When talking about the interior of the Green Bay Packers defensive line, the conversation starts and ends with Kenny Clark. In his six seasons with the Packers, he has posted 22.5 sacks. At only 26 years of age, Clark is the leader of the interior of the Packers defensive line. What makes his play even more impressive, is that he has done it without another standout defensive lineman playing next to him. That is why it might be time to find Kenny Clark’s help in the first round of this year’s NFL Draft.
Looking for Help for Kenny Clark in the First Round
This off-season, defensive line coach Jerry Montgomery earned the title of running game coordinator for the Green Bay Packers defense. It was a promotion that Montgomery deserved. Entering his eighth season with the Packers, Montgomery has been a driving force in Kenny Clark’s development. But it isn’t just what he has done with Kenny Clark. Excluding Clark, Montgomery hasn’t been given much to work with in regards to the Green Bay Packers defensive linemen. Montgomery has been given chicken you know what and been asked to make chicken salad.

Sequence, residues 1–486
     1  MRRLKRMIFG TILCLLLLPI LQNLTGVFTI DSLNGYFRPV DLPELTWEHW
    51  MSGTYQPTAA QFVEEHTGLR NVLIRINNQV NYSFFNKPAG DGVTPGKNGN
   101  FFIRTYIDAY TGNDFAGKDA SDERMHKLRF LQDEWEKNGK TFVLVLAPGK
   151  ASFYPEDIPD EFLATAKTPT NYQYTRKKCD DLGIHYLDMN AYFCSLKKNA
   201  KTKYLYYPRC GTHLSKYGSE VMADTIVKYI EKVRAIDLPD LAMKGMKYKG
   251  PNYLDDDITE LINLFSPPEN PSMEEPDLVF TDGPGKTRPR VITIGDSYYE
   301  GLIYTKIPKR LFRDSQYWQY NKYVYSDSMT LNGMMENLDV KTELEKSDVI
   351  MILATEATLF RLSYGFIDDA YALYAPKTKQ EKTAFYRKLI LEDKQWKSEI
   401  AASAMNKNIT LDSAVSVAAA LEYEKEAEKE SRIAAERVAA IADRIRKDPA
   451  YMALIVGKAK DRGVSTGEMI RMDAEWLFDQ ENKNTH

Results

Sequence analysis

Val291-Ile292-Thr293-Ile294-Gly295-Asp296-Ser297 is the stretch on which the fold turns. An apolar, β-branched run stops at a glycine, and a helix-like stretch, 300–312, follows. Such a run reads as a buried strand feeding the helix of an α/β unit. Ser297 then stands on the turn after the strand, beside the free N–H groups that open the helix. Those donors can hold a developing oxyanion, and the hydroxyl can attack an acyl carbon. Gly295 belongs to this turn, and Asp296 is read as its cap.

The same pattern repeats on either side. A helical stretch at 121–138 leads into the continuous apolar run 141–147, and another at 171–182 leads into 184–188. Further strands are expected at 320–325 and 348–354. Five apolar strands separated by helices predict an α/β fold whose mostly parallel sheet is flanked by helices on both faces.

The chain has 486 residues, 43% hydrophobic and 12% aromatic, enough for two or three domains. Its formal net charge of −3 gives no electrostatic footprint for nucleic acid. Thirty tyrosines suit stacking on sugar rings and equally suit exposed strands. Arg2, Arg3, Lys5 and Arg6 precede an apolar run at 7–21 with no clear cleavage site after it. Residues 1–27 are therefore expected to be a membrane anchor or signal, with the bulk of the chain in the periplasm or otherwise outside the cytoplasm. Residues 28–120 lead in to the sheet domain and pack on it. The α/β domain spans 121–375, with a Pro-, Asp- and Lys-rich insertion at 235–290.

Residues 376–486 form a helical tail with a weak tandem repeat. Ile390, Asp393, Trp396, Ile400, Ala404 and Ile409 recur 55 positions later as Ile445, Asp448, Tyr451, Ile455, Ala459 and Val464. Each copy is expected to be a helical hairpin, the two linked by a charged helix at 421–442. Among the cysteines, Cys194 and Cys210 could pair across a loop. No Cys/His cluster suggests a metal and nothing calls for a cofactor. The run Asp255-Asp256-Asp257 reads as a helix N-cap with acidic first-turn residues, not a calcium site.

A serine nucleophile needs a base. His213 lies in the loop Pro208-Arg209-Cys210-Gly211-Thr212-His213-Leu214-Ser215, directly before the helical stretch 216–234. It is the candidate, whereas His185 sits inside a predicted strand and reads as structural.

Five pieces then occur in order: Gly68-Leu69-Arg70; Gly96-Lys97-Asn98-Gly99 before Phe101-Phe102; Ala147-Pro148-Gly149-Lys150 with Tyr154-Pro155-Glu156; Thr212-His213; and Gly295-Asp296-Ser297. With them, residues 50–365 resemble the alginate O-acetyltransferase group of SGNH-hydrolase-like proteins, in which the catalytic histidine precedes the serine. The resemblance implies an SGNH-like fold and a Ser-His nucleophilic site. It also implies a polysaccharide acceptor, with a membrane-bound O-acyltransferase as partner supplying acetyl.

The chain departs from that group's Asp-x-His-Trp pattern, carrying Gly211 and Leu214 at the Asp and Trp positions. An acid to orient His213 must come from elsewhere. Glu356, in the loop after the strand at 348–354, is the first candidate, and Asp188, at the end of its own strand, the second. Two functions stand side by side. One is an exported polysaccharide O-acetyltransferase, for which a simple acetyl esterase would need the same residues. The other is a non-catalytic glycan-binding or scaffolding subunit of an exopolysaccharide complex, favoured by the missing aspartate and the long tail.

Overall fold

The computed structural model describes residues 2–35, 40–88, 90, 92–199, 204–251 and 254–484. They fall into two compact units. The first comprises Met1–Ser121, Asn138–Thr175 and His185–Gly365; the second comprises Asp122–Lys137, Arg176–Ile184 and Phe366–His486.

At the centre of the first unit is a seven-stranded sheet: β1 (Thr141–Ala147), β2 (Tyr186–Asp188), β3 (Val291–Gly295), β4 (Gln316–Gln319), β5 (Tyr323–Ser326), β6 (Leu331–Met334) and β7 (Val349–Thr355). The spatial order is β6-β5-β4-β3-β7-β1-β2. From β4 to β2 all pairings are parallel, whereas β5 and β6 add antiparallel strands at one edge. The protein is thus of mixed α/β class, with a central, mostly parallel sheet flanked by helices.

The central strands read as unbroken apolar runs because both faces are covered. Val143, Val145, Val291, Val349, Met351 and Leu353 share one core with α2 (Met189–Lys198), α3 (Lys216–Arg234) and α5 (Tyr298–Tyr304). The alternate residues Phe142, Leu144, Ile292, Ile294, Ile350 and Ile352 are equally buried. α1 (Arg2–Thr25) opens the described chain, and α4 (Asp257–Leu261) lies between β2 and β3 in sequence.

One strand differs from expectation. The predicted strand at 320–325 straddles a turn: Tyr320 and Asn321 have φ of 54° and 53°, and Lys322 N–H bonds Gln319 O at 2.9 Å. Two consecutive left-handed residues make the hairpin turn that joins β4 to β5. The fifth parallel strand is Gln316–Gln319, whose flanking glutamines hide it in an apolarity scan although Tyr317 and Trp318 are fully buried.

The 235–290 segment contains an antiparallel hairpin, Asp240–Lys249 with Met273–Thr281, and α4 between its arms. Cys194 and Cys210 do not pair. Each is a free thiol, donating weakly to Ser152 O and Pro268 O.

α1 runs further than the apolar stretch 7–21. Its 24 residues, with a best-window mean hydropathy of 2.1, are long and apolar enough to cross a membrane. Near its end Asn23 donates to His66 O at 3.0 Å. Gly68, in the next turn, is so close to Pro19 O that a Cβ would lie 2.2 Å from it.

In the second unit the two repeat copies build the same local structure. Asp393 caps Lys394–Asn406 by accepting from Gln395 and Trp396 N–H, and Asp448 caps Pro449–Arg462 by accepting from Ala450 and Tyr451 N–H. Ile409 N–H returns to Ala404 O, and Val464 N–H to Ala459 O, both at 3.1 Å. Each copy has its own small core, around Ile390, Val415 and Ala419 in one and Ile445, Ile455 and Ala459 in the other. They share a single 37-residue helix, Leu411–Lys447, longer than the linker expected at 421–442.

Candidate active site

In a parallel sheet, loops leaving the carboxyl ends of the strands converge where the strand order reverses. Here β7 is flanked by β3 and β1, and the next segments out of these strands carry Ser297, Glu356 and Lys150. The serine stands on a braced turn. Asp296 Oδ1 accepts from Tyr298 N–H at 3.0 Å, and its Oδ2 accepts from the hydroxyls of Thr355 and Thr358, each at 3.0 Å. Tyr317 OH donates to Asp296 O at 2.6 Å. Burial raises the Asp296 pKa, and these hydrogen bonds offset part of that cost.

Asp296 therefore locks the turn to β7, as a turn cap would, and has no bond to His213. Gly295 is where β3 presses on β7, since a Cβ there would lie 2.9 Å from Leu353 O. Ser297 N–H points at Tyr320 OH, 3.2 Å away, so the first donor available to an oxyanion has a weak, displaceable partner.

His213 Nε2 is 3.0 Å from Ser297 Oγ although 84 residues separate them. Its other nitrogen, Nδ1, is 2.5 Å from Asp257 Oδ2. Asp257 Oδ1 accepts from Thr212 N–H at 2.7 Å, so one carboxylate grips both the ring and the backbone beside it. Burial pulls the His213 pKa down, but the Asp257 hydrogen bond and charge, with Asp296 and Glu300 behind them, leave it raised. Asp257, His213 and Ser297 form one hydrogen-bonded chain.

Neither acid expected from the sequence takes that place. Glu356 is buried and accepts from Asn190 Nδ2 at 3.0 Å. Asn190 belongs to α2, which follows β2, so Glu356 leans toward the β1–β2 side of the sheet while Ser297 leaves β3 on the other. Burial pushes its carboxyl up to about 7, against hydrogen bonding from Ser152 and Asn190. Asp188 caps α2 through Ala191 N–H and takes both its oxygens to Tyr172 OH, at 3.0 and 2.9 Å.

It’s about time that Montgomery is given some talent to work with. In recent history, Packers general manager Brian Gutekunst has ignored the interior of the defensive line. Since taking over as the general manager in 2018, Gutekunst has only drafted three interior defensive linemen. Those players were James Looney (2018), Kingsley Keke (2019), and TJ Slaton (2021). Slaton is the only player still on the Packers roster. The highest pick Gutekunst used on the position was on both Keke and Slaton, both selected in the fifth round.
With the Packers having two first and two second-round picks, it might be time Gutekunst starts to show some attention to the Green Bay Packers defensive line. No doubt that one or two of those picks will be used on the wide receiver position. As discussed, that position has some massive holes. While the defensive line isn’t hurting as badly as the wide receiver position, it still needs some infusion of talent as well. Kenny Clark has shown he is a standout, but he needs some help.
Breaking Down What the Packers Currently Have
Dean Lowry broke out of a two-year slump to finally show some production in 2021. Lowry posted five sacks, along with 42 combined tackles with nine and a half quarterback hits. The five sacks Lowry posted were the most he had posted in his career. While 2021 was a bright spot for Lowry, it was something that was well overdue. 2021 was his best season since 2018, the same year he signed a contract extension. The Packers are banking on him playing as he did in 2021, but his history is against that.